Looking at oneself with an oriental view

Artist Waswo X Waswo’s latest exhibition in Delhi addresses a number of questions regarding race in the present context

Published: 14th November 2019 08:32 AM  |   Last Updated: 14th November 2019 08:32 AM   |  A+A-

Waswo X. Waswo, But I fell from there (left) and The Garden of Archetypes

Waswo X. Waswo, But I fell from there (left) and The Garden of Archetypes

Express News Service

The exhibition, titled Like a Leaf in Autumn, on view in Delhi by Udaipur-based artist Waswo X Waswo is a fresh take on orientalism. It includes sculptures and miniature paintings, the latter done in collaboration with Rakesh Vijay who follows the miniature style of painting.

Largely dominated by paintings, the show takes its title from Orhan Pamuk’s book My name is Red. According to Waswo, “I am in no man's land of independent beliefs, struggling to find a path forward in the rapidly morphing reality of our times.”

In the same vein, Waswo talks about his artwork, But I fell from there, the only painted photograph in the exhibition. Depicting the artist as literally falling through space, the artwork features William Blake’s version of angel from The House of Death, Hindu God Vishnu’s incarnation among other figures of angels. 

“The whole motif of falling showcases a certain uncertainty the Europeans are facing in the present times. Conversations like multicultural societies etc. has generated a feeling of being disconnected from one’s very own history.

He further adds, “It’s like we have our own narrative and suddenly we are told that we are not supposed to have that anymore.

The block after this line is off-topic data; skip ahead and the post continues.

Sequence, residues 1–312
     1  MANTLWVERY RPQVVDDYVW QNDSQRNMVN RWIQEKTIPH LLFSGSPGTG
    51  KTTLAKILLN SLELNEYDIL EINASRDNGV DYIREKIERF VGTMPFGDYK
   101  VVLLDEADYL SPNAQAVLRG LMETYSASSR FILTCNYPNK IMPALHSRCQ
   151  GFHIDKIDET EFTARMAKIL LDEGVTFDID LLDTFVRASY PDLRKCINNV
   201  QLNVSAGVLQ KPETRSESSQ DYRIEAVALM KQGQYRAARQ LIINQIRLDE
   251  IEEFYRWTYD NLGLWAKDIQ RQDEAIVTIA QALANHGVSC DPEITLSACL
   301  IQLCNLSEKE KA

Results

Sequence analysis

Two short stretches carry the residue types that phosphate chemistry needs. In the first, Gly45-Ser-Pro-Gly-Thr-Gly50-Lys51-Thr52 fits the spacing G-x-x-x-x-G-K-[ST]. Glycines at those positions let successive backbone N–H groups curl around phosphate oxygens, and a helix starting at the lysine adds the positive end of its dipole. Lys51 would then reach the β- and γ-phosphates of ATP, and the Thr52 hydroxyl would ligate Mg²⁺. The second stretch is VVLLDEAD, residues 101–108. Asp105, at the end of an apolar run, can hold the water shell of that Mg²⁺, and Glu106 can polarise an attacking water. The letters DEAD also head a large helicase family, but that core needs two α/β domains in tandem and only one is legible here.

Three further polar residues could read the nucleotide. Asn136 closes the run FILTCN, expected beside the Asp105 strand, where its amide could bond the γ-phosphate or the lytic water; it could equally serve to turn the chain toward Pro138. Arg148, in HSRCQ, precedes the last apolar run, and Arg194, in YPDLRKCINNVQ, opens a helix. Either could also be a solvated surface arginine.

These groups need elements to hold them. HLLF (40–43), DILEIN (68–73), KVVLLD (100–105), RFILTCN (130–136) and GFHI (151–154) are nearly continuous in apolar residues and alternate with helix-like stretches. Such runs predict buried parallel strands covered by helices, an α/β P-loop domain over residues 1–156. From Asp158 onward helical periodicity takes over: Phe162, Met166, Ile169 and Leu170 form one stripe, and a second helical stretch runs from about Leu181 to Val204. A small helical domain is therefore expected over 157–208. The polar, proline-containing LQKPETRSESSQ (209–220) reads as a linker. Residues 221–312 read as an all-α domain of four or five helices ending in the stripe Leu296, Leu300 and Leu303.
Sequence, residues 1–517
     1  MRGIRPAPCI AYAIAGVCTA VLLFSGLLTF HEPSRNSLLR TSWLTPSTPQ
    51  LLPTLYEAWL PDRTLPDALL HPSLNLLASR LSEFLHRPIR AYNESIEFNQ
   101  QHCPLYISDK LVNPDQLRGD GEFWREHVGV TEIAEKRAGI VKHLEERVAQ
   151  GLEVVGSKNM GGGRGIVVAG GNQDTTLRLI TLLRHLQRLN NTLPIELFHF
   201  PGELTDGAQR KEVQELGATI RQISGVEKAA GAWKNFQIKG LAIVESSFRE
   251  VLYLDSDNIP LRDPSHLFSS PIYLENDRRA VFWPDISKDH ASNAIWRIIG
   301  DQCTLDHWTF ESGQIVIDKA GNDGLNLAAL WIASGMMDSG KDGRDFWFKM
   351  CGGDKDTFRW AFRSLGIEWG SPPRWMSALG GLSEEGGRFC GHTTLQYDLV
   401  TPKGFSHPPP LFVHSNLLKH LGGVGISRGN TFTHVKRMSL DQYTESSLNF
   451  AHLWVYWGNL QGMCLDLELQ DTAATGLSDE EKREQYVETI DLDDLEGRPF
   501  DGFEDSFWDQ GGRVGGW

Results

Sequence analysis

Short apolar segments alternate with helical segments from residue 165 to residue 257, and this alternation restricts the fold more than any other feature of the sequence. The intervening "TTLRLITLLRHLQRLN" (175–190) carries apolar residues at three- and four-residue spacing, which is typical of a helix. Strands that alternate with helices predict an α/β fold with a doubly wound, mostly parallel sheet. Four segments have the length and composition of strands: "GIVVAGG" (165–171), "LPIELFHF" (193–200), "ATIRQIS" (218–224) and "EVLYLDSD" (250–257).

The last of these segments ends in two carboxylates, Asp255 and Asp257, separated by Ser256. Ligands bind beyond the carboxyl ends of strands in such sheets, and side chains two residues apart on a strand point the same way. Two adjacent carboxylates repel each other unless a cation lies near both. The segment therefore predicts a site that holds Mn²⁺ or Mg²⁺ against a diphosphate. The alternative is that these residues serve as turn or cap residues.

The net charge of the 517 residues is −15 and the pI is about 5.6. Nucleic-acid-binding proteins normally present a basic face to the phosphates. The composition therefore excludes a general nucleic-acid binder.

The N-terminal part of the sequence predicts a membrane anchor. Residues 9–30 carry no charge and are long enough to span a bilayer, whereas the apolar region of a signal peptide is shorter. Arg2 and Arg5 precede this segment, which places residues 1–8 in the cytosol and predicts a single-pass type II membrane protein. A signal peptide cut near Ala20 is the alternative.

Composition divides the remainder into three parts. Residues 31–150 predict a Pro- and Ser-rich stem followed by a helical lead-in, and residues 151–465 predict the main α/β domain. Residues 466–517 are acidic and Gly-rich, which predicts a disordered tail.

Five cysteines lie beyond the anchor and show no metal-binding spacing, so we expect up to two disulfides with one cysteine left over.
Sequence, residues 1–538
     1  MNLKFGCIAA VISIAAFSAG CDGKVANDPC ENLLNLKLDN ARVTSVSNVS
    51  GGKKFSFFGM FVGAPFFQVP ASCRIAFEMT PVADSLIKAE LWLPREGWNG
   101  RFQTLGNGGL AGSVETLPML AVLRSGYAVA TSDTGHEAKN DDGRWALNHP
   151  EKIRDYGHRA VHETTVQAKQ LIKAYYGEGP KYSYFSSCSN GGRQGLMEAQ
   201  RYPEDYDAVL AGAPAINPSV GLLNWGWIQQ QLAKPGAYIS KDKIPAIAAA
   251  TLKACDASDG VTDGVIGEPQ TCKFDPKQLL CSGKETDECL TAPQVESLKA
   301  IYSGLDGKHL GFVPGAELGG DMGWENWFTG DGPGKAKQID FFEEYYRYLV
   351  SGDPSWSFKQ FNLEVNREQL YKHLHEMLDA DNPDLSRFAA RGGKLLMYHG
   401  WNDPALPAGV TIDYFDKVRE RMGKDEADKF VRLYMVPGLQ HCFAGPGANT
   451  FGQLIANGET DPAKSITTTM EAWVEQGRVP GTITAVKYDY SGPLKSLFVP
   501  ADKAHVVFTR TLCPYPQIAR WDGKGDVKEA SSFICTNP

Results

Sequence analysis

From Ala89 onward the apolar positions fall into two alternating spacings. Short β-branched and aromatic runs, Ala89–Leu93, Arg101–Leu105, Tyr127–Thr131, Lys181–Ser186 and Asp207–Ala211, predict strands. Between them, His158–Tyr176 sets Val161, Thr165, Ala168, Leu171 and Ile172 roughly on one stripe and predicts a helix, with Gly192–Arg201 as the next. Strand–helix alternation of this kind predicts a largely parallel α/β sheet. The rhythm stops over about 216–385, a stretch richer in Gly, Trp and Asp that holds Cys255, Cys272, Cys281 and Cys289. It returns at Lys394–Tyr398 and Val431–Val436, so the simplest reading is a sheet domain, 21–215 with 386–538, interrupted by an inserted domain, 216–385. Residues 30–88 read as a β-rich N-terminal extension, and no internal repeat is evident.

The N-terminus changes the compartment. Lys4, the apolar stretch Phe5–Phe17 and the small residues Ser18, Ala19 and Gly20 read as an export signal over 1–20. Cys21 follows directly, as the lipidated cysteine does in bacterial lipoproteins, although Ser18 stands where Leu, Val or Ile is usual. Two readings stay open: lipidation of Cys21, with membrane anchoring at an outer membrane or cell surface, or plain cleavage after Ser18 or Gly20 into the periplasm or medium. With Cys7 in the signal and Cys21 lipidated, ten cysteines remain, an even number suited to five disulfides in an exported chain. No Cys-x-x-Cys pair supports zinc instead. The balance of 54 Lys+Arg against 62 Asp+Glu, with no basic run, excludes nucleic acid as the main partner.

The feeling is same as that of Pamuk’s line where he writes, ‘I was supposed to be part of a story, but I fell from there like a leaf in autumn.’”

The artist has been staying in India since 2001 and many a times found himself as a character from a graphic novel, jotting down observations events. He depicts his various inferences in the exhibition and he terms those as, “wilderness of the mind”.

His 2018 painting titled The Refugee showcases a white man crawling out from sea, looked by a group of people. A half-sunken plane is seen in the background. “The show also deals with the aspects of whiteness and questions of white privilege. The Britishers came to India in a similar way. It is important to think when does a refugee becomes a colonist.”

Bringing together Indian and western motifs, the paintings in the show feature humour too among critical thoughts. Titled In the Garden of Archetypes, the painting depicts rich floral scenery. Here a white man is seen resting near Hindu deity Shiva. Both of them are nonchalant even though being attacked by arrows shot by Roman Goddess Diana–popularly associated with the hunt, the Moon, and nature.

Waswo has throughout situated himself in all the paintings on display in the show. He talks about placing his own image in the artworks. “Long time back while travelling through Udaipur and clicking photographs, I felt a need of turning the gaze inward and since then I started placing myself in the paintings. But now, this figure is no longer me and has become every other foreigner travelling to the country.”

Till: November 16
At: Gallery Espace, New Delhi


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